Europe is this guest writer’s favorite travel destination, yet she avoided it for nearly a decade because . . . kids. Not anymore, she decided. Kids or no kids, she returned to Paris, where the French children are so well-behaved, and to London, where incredibly fragile items seemed to appear in every store we entered. A museum that demands the attention span of a monk? Fine. A tour of an opera house that requires complete silence? No problem. Read this Traveling Mom’s tips for visiting Europe with kids. And remember: they don’t look down upon drinking at any time of day there, which certainly doesn’t hurt.

Have you taken the kids to the Royal Opera House? It's one of our best tips for visiting Europe with kids.

The kids loved the costumes at the Royal Opera House. Photo Credit: Danielle Braff

Last year, a friend described her trip to Italy with her two children as “gelato hopping.” It was essentially going from one gelato spot to the next. They spent little time checking out the architecture, the art and the beauty that is Italy.

I naively thought to myself that I could do so much better when I took my 6- and 9-year-old daughters to France and England for 2 weeks over winter break. Instead of gelato hopping, we did hot chocolate hopping. But I did manage to fit in some culture. We conquered the Louvre, they mastered an afternoon of English tea and my girls could tell you everything there is to know about the Royal Opera House.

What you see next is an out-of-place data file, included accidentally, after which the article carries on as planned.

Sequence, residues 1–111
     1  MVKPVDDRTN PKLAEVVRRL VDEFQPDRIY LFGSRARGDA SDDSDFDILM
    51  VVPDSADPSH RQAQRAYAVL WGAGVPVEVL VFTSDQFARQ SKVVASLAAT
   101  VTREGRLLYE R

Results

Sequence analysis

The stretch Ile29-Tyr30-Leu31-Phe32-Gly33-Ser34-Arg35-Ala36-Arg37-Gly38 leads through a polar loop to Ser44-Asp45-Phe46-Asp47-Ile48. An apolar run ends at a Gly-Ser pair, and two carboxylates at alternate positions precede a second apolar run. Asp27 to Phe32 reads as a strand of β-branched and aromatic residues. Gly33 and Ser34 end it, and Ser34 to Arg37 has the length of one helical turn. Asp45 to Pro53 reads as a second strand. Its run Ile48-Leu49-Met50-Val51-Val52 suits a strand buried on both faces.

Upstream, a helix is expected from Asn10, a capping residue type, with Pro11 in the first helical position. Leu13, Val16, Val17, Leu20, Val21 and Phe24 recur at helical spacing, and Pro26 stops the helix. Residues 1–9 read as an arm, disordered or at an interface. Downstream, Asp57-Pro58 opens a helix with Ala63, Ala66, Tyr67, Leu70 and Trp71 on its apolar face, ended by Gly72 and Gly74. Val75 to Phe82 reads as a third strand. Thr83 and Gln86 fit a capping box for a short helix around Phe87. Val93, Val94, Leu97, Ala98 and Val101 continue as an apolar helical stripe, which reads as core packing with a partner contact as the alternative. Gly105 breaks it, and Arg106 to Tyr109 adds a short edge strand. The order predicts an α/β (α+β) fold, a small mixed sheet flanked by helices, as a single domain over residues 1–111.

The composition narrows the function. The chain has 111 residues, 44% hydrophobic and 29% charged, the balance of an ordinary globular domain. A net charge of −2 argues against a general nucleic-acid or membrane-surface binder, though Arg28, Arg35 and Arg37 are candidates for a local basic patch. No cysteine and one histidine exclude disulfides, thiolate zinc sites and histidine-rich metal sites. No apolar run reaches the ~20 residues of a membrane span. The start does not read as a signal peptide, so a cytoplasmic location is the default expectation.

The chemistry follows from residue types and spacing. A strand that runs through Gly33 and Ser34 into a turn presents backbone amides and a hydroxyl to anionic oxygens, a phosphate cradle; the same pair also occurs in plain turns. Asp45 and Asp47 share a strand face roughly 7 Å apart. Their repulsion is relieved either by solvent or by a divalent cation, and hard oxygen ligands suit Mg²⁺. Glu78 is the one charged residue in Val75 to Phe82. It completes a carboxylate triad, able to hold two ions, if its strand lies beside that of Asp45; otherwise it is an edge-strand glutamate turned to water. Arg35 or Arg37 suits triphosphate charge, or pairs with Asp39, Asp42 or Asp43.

Here are a few tricks and tips for visiting Europe with kids but without complaints. Well, at least with not that many complaints.

One of the best tips for visiting Europe with kids? Take silly photos in front of the Eiffel Tower is always an iconic spot when traveling Europe with kids

Eiffel Tower: Anya and Aria Karpinos were being silly in front of the Eiffel Tower. Photo Credit: Danielle Braff

Buy the City Pass

The first thing we did when we arrived in Paris was to snag The Paris Pass. For one price, you get entry into essentially every touristy thing you’ll want to do there. It also lets you skip the line for most of them. This was essential because it gave our kids less time to get antsy. It also didn’t make me angry when they wanted to leave the Louvre after 45 minutes. (No problem, we’ll be back for another try tomorrow, as it won’t cost anything to split our museum time into two days!).

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Use the Hop-On Hop-Off Bus

Whenever the kids needed a break, we hopped on the bus. They rested (they weren’t interested in hearing the tour) while we still got our sightseeing in (another reason for buying the city pass, which includes access to the bus). This is also a way to get those naps in without being trapped in a hotel.

One of the best tips for visiting Europe with kids is to take in a foodie tour or two.

During the Secret Food Tours Paris, the whole family ate everything from cheese to croissants as we wandered through Paris. Photo Credit: Danielle Braff

Do a Food Tour

When I mentioned to my kids that we were doing a walking tour of Paris for half the day, they immediately balked. But when I told them that it was a food tour, and at every stop along the way, they’d be eating everything from croissants to chocolate, they couldn’t wait.